LONDON (Reuters) - Boeing told two European airlines on Friday their deliveries of 787 Dreamliner jets would be delayed, as investigations into the problems behind the grounded aircraft continue.
Thomson Airways, owned by Britain’s TUI Travel TT.L told Reuters delivery of its first Dreamliner, originally scheduled for the end of February, had been “moved out of the month” and it had not been given a new delivery date.
Norwegian Air Shuttle (NWC.OL), meanwhile, said it had been notified by Boeing that its delivery schedule was at risk because of an investigation by the U.S. National Transportation Safety Board into the aircraft and the extent of the possible delay was not yet known.
Authorities around the world grounded the technologically advanced 787 on January 16 after a battery fire in Boston and a second incident involving a battery on a flight in Japan. The groundings have cost airlines tens of millions of dollars.
Thomson launched an advertising campaign in Britain in April last year for its new fleet of Dreamliners, which it said represented the “future of long-haul travel”. It planned to start using the planes in May.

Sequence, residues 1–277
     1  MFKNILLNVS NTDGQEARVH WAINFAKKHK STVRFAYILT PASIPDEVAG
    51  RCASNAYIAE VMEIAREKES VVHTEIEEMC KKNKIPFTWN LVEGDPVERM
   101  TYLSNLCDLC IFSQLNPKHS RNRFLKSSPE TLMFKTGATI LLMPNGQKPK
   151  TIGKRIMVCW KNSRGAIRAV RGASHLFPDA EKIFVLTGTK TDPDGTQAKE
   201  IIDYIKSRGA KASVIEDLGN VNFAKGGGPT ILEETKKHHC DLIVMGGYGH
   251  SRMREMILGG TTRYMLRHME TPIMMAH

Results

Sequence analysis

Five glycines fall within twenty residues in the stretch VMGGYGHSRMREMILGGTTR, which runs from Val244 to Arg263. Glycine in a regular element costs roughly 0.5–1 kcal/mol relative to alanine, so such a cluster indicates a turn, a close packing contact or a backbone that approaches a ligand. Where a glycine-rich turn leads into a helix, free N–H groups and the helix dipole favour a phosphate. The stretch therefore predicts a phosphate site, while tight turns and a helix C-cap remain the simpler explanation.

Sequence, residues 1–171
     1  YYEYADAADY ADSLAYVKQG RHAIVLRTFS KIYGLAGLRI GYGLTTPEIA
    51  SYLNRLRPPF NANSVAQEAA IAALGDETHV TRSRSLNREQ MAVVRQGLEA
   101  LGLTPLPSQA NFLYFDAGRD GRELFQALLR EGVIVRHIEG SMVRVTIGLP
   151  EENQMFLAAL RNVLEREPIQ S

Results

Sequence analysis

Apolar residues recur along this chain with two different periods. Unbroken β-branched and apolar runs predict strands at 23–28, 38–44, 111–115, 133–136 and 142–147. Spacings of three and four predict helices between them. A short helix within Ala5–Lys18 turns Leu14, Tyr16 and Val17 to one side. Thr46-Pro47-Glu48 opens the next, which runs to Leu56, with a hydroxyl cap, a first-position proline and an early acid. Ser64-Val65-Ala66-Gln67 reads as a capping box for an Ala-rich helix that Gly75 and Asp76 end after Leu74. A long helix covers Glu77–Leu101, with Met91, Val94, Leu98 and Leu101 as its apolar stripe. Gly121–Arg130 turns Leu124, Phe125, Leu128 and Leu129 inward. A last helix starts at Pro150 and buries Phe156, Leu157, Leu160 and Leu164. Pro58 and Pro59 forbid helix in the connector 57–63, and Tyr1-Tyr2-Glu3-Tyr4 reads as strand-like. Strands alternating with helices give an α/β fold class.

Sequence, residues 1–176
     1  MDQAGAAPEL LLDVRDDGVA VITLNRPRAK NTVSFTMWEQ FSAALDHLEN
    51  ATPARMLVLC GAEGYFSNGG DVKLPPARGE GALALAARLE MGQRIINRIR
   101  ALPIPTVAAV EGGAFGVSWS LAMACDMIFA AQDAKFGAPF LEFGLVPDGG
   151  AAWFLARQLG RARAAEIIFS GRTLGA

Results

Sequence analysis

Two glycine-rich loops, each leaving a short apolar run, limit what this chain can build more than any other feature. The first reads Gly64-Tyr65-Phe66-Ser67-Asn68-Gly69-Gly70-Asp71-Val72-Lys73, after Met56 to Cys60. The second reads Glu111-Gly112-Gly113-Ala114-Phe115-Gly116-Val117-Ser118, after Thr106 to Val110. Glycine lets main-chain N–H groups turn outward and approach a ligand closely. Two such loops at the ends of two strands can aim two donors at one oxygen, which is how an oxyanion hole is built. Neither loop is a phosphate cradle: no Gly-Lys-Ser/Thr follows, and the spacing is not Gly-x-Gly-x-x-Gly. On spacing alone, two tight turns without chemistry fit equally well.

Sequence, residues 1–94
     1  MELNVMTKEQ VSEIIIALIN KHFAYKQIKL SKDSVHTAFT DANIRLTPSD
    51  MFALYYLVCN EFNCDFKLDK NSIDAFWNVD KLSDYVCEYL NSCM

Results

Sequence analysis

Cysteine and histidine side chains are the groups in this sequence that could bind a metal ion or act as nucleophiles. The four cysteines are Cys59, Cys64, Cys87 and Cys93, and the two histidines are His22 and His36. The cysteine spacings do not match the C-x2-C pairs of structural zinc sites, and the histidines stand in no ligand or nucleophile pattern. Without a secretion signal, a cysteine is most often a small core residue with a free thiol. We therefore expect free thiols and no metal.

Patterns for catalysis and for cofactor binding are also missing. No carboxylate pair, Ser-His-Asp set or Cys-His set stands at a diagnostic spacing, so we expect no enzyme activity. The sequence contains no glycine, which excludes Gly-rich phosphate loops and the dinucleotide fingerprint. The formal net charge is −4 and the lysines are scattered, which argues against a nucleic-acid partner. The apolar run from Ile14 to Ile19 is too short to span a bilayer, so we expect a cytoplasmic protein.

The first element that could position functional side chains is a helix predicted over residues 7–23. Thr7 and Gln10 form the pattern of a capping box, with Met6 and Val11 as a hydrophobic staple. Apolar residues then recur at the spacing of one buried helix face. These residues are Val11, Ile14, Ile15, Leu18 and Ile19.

“Boeing is doing everything it can to resolve the situation. We appreciate that there are many customers who are looking forward to flying on the Dreamliner but unfortunately these circumstances are out of our control,” Thomson said.
Both airlines said that they were making backup plans, with the Nordic carrier saying that it would lease aircraft if the 787 was not delivered in time for its long-haul service.
Norwegian was scheduled to receive the first of eight Dreamliners in April and the firm has already sold deeply discounted tickets for its first overseas flights as it aims to take on traditional legacy carriers.
Thomson said its contingency plans included using alternative aircraft for its long-haul flights to Mexico and Florida if delivery was delayed beyond the end of March.
A source close to TUI Travel said this would involve the group using aircraft the new orders were supposed to replace.
TUI Travel told Reuters on Thursday it had no plans to cancel its order for 13 Dreamliner jets.
British Airways, owned by International Airlines Group (ICAG.L), said it was in discussions with Boeing but that the first of its 787 planes were still scheduled to be delivered in May.
Virgin Atlantic said delivery of its 16 Dreamliners starting in summer 2014 was unchanged.
TUI Travel, Europe’s largest tour operator and majority-owned by German travel group TUI AG (TUIGn.DE), said on Thursday summer bookings by Britons were up 9 percent. (Reporting by Brenda Goh, additional reporting by Gwladys Fouche and Rhys Jones; editing by Kate Holton and Mike Nesbit)